I grew up with with mostly potatoes and various meat - and overcooked veggies. Ryebread is something I eat every day, I love it, and it's healthy and filling. When Oprah W. was here, she brought back lots of it. Here are pictures of various ones:
    https://www.google.com/images?q=rugbrød&oe=utf-8&hl=da&sa=X&oi=image_result_group&ei=kzoXU5GCHqTt4gTBvIDIAw&ved=0CB0QsAQ

    One very Danish dessert is "Roedgroed med Floede) - something a foreigner has difficulties pronouncing. It is made from rhubarbs and strawberries. Here are pictures of it, and if you scroll down, there's an English explanation.
    https://www.google.com/search?q=rødgrød%20med%20fløde&ie=utf-8&oe=utf-8

    Of ethnic foods I love most of them... especially Italian, Greek, Indian, Chinese and Thai.

    In this link there are some typical Danish cakes and cookies. If you click on "Afspil" you'll see them one by one:
    http://samvirke.dk/billedgallerier/g...t-danmark.html

    I'll be glad to translate recipes if you want to try.





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  10. #10
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    Oh, Randi, I love rye bread - I get it sometimes as a treat for myself, and didn't know that that was also a Scandinavian thing! Rye bread with strong ginger jam - yum!!!!!
    I've Been Frosted

  11. #11
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    Quote Originally Posted by Karen View Post
    Oh, Randi, I love rye bread - I get it sometimes as a treat for myself, and didn't know that that was also a Scandinavian thing! Rye bread with strong ginger jam - yum!!!!!
    LOL! How can eat anything sweet on rye bread?

    Because of you, I remembered to take out a huge jar of pickled currants to use with my dinner.





    "I don't know which weapons will be used in the third World war, but in the fourth, it will be sticks and stones" --- Albert Einstein.


  12. #12
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    Quote Originally Posted by Randi View Post
    LOL! How can eat anything sweet on rye bread?

    Because of you, I remembered to take out a huge jar of pickled currants to use with my dinner.
    Hee hee - you have to try it sometime, Randi - just spread some strong jam - or even a bit of honey really thin on toasted rye, the interplay of savory and sweet is quite yummy, I promise!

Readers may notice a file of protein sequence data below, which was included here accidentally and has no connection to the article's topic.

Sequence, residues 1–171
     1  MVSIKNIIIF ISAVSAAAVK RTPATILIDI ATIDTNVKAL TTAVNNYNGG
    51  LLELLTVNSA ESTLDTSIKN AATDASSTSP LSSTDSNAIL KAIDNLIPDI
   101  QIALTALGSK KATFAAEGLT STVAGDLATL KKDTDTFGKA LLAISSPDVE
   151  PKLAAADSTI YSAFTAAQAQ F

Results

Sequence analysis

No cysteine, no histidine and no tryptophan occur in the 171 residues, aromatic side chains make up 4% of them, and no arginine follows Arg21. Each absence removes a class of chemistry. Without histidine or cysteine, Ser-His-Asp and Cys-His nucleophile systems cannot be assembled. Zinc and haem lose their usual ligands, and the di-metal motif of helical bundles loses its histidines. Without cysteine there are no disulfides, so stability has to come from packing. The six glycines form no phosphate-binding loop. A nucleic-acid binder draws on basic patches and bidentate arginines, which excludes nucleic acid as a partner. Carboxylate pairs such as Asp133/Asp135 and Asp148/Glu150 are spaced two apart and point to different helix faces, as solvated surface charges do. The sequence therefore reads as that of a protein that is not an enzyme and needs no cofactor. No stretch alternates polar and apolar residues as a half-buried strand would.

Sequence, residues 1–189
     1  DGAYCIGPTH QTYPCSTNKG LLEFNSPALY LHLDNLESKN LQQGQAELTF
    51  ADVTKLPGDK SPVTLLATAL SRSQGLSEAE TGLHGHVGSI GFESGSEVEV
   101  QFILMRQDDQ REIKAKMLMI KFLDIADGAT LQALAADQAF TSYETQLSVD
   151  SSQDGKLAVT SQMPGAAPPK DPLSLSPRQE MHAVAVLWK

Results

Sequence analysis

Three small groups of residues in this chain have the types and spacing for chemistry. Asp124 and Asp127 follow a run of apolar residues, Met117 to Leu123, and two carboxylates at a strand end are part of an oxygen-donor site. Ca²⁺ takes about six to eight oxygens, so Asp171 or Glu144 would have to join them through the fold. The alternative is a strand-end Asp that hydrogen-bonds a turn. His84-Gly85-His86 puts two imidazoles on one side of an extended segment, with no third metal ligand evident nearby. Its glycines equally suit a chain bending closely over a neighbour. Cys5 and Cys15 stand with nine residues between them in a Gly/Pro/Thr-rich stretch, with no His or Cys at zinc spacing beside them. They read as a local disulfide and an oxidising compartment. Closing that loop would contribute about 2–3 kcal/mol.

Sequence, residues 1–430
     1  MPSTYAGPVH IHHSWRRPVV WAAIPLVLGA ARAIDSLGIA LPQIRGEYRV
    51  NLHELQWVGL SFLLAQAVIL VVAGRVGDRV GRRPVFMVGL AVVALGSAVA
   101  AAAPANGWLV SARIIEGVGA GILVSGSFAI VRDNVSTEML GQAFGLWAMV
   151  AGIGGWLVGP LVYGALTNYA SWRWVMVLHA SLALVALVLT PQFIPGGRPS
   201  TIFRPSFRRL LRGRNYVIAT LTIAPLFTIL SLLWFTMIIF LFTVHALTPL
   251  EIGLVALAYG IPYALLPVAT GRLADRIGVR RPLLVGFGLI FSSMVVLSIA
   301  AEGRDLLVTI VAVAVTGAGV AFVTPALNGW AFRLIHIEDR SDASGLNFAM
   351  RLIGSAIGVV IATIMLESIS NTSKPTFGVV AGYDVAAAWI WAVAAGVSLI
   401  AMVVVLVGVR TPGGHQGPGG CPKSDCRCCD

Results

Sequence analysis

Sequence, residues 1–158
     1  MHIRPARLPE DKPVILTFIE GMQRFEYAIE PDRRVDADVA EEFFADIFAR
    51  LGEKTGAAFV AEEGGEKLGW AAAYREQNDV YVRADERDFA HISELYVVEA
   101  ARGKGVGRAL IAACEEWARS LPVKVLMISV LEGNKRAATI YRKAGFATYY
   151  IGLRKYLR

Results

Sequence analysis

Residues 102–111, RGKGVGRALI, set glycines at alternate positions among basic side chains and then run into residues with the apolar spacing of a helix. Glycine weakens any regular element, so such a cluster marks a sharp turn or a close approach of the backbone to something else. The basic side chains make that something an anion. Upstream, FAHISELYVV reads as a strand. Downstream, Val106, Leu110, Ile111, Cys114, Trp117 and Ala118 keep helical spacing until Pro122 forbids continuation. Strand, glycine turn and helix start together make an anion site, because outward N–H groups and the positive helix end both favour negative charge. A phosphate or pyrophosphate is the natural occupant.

I've Been Frosted

  13. #13
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    I am from very close to the French border and I rather have problems with the pork-oriented German cuisine - even if a good sausage is a nice thing. Consequently I do not care for some of the Polish cuisine as well. IMO it is very similar to what you get in Bavaria.
    But I love:
    Thai
    Vietnamese
    Malaysian
    Singaporean
    Indian
    Mexican
    Tex-Mex (ok- that's ethnic from my point of view)
    Italian (there are more Italian places in Munich than Bavarian)
    Spanish
    Greek
    Moroccan
    Libanese
    Turkish
    .....
    Of course we have much rye bread here or mixed breads and while I am with Randi that I will rather have it with prosciutto or cheese (or both) I prefer it to white bread

  14. #14
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    I am a full blooded Italian but born here. I was brought up on mostly Italian foods, just loved my Mom's tomato sauce and meatballs, yummy. I also love Chinese, and the all American steak and potatoes. I also love most fish and seafood.


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  15. #15
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    Does anyone like the sriracha (rooster brand) hot sauce?

    I picked up a jar of the garlic chili sauce and it's so good. I ate almost a whole jar in the matter of days.

    http://www.huyfong.com/no_frames/garlic.htm